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Did No-Call End the Spurs’ Dynasty?

I’m not here to harp on the no-call at the end of Game 4 which resulted in the Lakers win over the Spurs. As I said in that post, the Spurs had 48 minutes of basketball to win the ballgame and ensure it didn’t come down to a last-second shot, much less a referee’s judgment call. The Lakers led all game and earned the victory. Anyway, the point of this post is based on something my buddy Arnie Spanier has been talking about the last few days: franchise-changing moments. There are certain moments that occur in sports that change the course of history for franchises. A big home run is hit off a pitcher, he’s never the same after that. A big free agent busts, it holds the team back for years. For the Mavericks it could have been the Game 3 loss to the Heat. They blew the lead in that game, their 2-0 lead in the series, and since then they’ve traded away Devin Harris and fired Avery Johnson. That could have been a franchise-changing moment.

So is it possible that after losing Game 4 to the Lakers — a game in which the Spurs had a chance to tie the series up 2-2 — San Antonio will never be the same? Is this the decline of their team and the franchise? While I think it’s a compelling point, I don’t think it’s a reflection of reality. San Antonio was the second or third best team in the Western Conference this year (depending on how you look at things), merely one elite team amongst many. They were the defending champs more because of the horrible suspensions on the Suns and the terrible first round matchup for the Mavs. They weren’t necessarily the best team last year, things kind of just broke their way. Same thing with this year — though they were the defending champs, they weren’t the favorites once the Lakers acquired Pau. Moreover, even if the foul were called, the Spurs won the game in OT and tied the series 2-2, they still probably would have lost in 7.

The Spurs are a solid team and will continue to be a playoff team for the next two years, possibly three. Duncan’s getting up there but has a few years left, and they still have a solid youngster in Parker, and another stud in Ginobili. They’re still going to be a winner. But they weren’t the top team this year, and they probably weren’t the top team last year. The no-call won’t prevent them from continuing to be a top-10 team in the league the next few years. And if there was an event that changed the fortunes of the playoff teams more than any other, it wasn’t the no-call. It was the acquisition of Pau Gasol, which broke up the Suns and Mavericks, ended the Spurs’ run, and probably gave the Lakers a title.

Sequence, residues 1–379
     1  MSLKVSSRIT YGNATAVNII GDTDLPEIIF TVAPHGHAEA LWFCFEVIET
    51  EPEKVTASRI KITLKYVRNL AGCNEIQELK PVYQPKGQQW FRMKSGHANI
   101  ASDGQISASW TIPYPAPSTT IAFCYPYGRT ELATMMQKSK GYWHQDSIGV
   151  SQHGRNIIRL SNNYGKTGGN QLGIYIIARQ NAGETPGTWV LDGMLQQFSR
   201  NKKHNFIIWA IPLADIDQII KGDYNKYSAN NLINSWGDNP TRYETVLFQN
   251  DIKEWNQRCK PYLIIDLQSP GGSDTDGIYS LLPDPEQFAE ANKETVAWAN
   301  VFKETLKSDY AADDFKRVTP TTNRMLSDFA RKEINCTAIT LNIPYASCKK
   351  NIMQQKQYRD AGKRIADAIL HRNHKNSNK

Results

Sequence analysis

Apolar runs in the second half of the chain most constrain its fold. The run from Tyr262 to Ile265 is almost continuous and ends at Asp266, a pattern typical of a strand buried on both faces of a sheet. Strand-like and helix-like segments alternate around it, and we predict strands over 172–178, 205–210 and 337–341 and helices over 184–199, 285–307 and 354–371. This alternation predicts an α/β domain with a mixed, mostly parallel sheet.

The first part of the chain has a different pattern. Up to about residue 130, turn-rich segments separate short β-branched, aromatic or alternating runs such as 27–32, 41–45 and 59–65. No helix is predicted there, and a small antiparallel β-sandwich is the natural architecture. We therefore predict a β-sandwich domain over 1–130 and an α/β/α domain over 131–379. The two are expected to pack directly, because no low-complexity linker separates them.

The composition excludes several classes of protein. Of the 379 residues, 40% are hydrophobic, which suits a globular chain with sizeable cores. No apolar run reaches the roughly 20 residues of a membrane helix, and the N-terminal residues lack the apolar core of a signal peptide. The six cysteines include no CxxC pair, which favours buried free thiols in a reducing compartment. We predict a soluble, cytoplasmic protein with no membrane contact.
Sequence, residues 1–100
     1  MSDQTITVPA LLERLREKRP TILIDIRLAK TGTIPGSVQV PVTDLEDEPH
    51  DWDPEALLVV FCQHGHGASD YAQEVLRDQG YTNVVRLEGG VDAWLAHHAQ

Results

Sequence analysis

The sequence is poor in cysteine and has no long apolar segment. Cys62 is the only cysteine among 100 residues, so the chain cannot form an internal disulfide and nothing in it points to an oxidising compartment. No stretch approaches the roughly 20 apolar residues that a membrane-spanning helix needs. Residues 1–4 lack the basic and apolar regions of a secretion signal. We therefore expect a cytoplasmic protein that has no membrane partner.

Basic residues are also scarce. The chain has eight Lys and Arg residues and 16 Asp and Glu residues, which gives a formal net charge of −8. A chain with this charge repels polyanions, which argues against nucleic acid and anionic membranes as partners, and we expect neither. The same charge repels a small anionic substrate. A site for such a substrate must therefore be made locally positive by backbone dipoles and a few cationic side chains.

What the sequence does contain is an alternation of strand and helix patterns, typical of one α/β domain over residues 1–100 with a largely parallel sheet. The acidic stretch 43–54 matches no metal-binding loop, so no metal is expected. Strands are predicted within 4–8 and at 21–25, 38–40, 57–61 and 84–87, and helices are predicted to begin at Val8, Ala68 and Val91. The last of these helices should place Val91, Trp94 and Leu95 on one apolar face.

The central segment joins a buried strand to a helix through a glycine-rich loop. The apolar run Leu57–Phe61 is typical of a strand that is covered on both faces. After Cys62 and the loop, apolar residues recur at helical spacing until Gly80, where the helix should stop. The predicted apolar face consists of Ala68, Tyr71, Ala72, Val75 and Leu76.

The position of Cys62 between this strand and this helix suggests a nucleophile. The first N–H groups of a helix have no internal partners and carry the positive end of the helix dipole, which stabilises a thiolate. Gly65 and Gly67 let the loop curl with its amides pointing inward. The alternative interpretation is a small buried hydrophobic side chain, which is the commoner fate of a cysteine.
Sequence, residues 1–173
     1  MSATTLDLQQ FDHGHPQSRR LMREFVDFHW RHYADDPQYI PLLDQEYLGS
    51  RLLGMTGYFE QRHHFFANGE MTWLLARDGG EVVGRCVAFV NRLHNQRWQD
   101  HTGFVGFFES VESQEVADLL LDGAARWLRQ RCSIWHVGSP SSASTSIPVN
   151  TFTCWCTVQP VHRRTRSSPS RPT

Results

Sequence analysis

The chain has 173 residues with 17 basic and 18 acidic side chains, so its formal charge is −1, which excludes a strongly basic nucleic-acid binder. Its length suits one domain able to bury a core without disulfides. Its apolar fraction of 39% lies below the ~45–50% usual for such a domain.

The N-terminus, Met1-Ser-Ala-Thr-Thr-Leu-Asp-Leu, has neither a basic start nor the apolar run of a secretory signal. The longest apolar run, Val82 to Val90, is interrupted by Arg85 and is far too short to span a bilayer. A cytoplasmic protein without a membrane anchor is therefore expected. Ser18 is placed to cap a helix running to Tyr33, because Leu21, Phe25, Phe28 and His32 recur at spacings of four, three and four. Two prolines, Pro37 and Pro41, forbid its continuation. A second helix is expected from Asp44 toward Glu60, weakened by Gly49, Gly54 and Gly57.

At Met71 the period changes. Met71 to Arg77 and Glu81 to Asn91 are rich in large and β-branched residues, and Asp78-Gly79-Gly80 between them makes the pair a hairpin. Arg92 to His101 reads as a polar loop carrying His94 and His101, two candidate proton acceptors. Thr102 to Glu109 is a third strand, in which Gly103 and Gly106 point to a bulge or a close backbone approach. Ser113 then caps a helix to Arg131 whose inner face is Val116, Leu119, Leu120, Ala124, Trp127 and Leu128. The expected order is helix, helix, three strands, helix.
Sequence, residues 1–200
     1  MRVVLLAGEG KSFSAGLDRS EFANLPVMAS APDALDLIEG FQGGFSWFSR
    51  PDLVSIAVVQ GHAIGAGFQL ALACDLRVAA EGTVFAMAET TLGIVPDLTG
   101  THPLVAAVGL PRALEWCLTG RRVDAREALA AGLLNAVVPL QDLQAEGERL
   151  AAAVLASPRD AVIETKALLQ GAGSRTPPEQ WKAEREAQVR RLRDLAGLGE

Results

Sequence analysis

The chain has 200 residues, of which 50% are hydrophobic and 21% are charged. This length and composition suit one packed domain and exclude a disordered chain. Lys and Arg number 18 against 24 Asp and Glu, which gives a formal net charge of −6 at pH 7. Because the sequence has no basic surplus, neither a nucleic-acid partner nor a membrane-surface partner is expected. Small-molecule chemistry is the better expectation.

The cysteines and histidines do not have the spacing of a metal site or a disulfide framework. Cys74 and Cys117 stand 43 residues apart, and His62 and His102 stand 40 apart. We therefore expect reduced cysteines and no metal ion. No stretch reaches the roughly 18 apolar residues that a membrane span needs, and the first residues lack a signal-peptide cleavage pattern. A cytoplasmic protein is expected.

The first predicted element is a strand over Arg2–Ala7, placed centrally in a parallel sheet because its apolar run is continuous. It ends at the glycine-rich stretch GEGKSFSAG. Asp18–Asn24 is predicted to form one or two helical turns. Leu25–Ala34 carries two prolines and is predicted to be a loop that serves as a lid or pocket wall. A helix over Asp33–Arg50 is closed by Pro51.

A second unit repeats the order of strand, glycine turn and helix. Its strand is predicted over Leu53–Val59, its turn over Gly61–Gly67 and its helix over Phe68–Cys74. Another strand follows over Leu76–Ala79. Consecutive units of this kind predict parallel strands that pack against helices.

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  • SpinMax

    Game 3 of the Mavs Heat? nice one. That’s the game where Miami was getting blown out most of the night until the 4th quarter when they started to get all the calls and Dallas couldn’t even play defense. In a late 1 minute 6 second span Miami went from being down 89-93 to being up 95-93, coincidentally they shot 6 free throws in that span.

    Dirk had a shot to tie it up at the end when they fouled/grabbed him under the hoop, but it should not have come to that. Final score 98-96 miami.

  • dan

    I think the Spurs lost the series when they blew the 20 point lead in game #1. So I dont see the blown call in game 4 as that big of a factor in deciding the game. Besides the blown call before that on the ball hitting the rim should have ended it becuz Kobe most likely would have went to the line. If anything game 4 should have been 2-2 with the Laker win. But the old ass Spurs could not hold a 20 point lead.